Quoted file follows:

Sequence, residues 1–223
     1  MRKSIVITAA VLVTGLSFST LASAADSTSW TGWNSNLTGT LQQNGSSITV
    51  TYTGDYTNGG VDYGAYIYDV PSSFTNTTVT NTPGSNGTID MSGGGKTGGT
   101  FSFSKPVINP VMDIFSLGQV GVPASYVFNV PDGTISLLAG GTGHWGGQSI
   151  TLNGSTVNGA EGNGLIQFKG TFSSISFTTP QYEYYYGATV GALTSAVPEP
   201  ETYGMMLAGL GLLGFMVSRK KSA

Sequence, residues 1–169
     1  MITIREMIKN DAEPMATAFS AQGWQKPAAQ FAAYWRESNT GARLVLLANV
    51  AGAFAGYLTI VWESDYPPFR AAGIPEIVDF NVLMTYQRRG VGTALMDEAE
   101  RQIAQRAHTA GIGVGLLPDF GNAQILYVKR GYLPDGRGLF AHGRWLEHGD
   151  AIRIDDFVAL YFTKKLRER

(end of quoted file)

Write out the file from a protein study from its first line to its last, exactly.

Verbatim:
Sequence, residues 1–223
     1  MRKSIVITAA VLVTGLSFST LASAADSTSW TGWNSNLTGT LQQNGSSITV
    51  TYTGDYTNGG VDYGAYIYDV PSSFTNTTVT NTPGSNGTID MSGGGKTGGT
   101  FSFSKPVINP VMDIFSLGQV GVPASYVFNV PDGTISLLAG GTGHWGGQSI
   151  TLNGSTVNGA EGNGLIQFKG TFSSISFTTP QYEYYYGATV GALTSAVPEP
   201  ETYGMMLAGL GLLGFMVSRK KSA

Sequence, residues 1–169
     1  MITIREMIKN DAEPMATAFS AQGWQKPAAQ FAAYWRESNT GARLVLLANV
    51  AGAFAGYLTI VWESDYPPFR AAGIPEIVDF NVLMTYQRRG VGTALMDEAE
   101  RQIAQRAHTA GIGVGLLPDF GNAQILYVKR GYLPDGRGLF AHGRWLEHGD
   151  AIRIDDFVAL YFTKKLRER